Download  
     
    Export citation  
     
    Bookmark  
  8. Resisting buck-passing accounts of prudential value.Guy Fletcher - 2012 - Philosophical Studies 157 (1):77-91.
    This paper aims to cast doubt upon a certain way of analysing prudential value (or good for ), namely in the manner of a ‘buck-passing’ analysis. It begins by explaining why we should be interested in analyses of good for and the nature of buck-passing analyses generally (§I). It moves on to considering and rejecting two sets of buck-passing analyses. The first are analyses that are likely to be suggested by those attracted to the idea of analysing good for in (...)
    Download  
     
    Export citation  
     
    Bookmark   8 citations  
  9. Contempt, Respect, and Recognition.Bryan Lueck - 2022 - Critical Horizons 23 (3):211-226.
    Since the early modern period, the vast majority of philosophers who have written on contempt have understood it as a denial of respect. But there has been considerable disagreement about precisely what kind of respect we deny people when we contemn them. Contemporary philosophers who defend contempt as a morally appropriate attitude tend to understand it as a denial of what Stephen Darwall calls appraisal respect, while early modern writers, who all believe that contemning others constitutes a serious (...)
    Download  
     
    Export citation  
     
    Bookmark  
  10. Fichte's Voluntarism.Owen Ware - 2009 - European Journal of Philosophy 18 (2):262-282.
    Abstract: In recent work Stephen Darwall has attacked what he calls J. G. Fichte's ‘voluntarist’ thesis, the idea—on Darwall's reading—that I am bound by obligations of respect to another person by virtue of my choice to interact with him. Darwall argues that voluntary choice is incompatible with the normative force behind the concept of a person, which demands my respect non-voluntarily. He in turn defends a ‘presuppositional’ thesis which claims that I am bound by obligations of (...)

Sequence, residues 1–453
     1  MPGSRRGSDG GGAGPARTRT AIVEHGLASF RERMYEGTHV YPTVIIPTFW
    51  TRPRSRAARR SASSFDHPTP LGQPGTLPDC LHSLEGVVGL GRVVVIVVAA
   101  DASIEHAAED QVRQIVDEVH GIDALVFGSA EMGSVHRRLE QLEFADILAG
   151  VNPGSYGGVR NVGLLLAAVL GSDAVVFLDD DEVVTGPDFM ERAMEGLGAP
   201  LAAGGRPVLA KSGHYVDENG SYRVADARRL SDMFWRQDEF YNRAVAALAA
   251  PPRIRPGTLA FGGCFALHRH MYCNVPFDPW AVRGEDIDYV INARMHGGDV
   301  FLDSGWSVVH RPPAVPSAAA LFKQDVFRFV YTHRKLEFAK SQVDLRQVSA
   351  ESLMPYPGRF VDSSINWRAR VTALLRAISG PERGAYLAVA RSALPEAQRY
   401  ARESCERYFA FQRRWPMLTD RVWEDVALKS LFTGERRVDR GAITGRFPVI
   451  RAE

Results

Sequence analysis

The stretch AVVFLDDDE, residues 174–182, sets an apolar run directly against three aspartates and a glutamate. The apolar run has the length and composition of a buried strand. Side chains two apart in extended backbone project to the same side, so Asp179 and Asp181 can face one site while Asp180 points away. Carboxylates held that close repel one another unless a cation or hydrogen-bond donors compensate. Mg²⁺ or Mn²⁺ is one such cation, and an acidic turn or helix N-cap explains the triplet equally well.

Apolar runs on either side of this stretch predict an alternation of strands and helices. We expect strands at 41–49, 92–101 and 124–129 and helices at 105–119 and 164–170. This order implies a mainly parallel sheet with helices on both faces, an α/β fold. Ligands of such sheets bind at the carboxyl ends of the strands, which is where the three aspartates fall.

Download  
     
    Export citation  
     
    Bookmark   4 citations  
  11. Blame, Communication, and Morally Responsible Agency.Coleen Macnamara - 2015 - In Randolph Clarke, Michael McKenna & Angela Smith (eds.), The Nature of Moral Responsibility: New Essays. New York: Oxford University Press. pp. 211-236.
    Many important theorists – e.g., Gary Watson and Stephen Darwall – characterize blame as a communicative entity and argue that this entails that morally responsible agency requires not just rational but moral competence. In this paper, I defend this argument from communication against three objections found in the literature. The first two reject the argument’s characterization of the reactive attitudes. The third urges that the argument is committed to a false claim.
    Download  
     
    Export citation  
     
    Bookmark   22 citations  
  12. Social Constraints On Moral Address.Vanessa Carbonell - 2017 - Philosophy and Phenomenological Research 98 (1):167-189.
    The moral community is a social community, and as such it is vulnerable to social problems and pathologies. In this essay I identify a particular way in which participation in the moral community can be constrained by social factors. I argue that features of the social world—including power imbalances, oppression, intergroup conflict, communication barriers, and stereotyping—can make it nearly impossible for some members of the moral community to hold others responsible for wrongdoing. Specifically, social circumstances prevent some marginalized people from (...)
    Download  
     
    Export citation  
     
    Bookmark   9 citations  
  13. The Humean Theory of Motivation Reformulated and Defended.Neil Sinhababu - 2009 - Philosophical Review 118 (4):465-500.
    This essay defends a strong version of the Humean theory of motivation on which desire is necessary both for motivation and for reasoning that changes our desires. Those who hold that moral judgments are beliefs with intrinsic motivational force need to oppose this view, and many of them have proposed counterexamples to it. Using a novel account of desire, this essay handles the proposed counterexamples in a way that shows the superiority of the Humean theory. The essay addresses the classic (...)